The U.S. Postal Service has patched a security vulnerability that exposed the data of some 60 million customers to anyone who was logged into the USPS.com website.
Made public Sunday by security researcher Brian Krebs, the vulnerability related to an authentication weakness in an application programming interface being used on the USPS website.
The API in question, ironically called “Informed Visibility,” had been designed to allow bulk mail senders track and analyze mail. Instead of restricting services to bulk mail senders alone, the API allowed anyone logged in to USPS.com to query the system for account details belonging to any other users, such as email address, username, user ID, account number, street address, phone number, authorized users and mailing campaign data.
Worse still, the vulnerability also let any user request account changes for any other user, such as email address, phone number or other key details.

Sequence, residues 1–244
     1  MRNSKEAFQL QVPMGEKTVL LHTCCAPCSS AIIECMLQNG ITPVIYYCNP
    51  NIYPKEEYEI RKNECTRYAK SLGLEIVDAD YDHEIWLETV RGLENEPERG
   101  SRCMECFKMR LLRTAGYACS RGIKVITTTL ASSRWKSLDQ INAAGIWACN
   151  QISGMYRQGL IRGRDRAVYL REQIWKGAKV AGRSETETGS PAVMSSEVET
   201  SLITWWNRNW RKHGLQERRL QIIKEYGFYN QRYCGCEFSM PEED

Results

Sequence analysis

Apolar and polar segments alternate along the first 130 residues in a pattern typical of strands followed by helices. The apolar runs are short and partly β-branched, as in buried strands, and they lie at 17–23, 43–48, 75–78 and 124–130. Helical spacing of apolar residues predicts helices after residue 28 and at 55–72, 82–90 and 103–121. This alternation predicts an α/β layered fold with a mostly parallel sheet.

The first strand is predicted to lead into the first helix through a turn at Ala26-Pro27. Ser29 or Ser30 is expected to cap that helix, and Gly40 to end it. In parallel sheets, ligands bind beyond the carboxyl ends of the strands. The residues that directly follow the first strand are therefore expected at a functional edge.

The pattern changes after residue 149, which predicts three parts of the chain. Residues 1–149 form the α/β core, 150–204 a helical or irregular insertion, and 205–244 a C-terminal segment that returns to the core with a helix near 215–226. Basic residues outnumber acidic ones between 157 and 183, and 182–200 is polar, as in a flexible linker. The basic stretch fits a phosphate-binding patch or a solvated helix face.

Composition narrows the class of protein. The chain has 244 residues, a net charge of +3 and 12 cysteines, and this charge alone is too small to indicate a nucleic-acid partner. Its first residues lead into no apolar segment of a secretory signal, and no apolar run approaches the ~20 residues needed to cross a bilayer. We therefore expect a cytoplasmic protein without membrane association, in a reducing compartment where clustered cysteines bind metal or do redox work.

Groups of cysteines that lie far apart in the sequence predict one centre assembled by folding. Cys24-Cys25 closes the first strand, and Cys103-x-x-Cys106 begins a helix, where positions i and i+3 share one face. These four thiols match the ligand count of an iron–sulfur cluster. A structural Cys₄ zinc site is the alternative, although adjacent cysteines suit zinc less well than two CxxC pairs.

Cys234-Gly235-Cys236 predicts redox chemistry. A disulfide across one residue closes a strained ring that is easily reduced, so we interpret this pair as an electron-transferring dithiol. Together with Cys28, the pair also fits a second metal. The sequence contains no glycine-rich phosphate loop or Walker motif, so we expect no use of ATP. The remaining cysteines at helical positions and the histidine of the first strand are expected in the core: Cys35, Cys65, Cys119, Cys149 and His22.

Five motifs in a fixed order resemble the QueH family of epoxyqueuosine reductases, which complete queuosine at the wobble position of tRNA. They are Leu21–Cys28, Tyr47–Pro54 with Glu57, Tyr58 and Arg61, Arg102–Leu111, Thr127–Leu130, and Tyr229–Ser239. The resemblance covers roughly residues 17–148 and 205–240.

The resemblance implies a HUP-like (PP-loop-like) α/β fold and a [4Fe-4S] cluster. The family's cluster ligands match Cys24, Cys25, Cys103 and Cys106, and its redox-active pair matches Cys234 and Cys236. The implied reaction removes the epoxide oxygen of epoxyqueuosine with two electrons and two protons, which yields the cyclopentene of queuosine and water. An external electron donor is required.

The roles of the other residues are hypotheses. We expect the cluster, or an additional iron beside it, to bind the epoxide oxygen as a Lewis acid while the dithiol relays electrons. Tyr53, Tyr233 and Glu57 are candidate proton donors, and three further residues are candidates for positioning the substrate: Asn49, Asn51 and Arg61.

After being informed, USPS patched the vulnerability before Krebs published the details. In a statement, the USPS said that it has “no information that the vulnerability was leveraged to exploit customer records.” But it added that “out of an abundance of caution, for which the larger postal service is as of now researching and investigating further to ensure that anyone who may have sought to access our systems inappropriately is pursued to the fullest extent of the law.”
The role of an API in the vulnerability is notable, Setu Kulkarni, vice president of strategy and business development at WhiteHat Security Inc., told in a report. “APIs are turning out to be a double-edged sword when it comes to internet scale B2B connectivity and security,” he said. “APIs, when insecure, break down the very premise of uber connectivity they have helped establish.”
To avoid such flaws, he said, government agencies and companies must be proactive, not just reactive, in regards to application security. “Every business that handles consumer data needs to make security a consistent, top-of-mind concern with an obligation to perform the strictest security tests against vulnerable avenues: APIs, network connections, mobile apps, websites and databases,” he said.
Kulkarni added that “organizations that rely on digital platforms need to educate and empower developers to code using security best practices throughout the entire software lifecycle with proper security training and certifications.”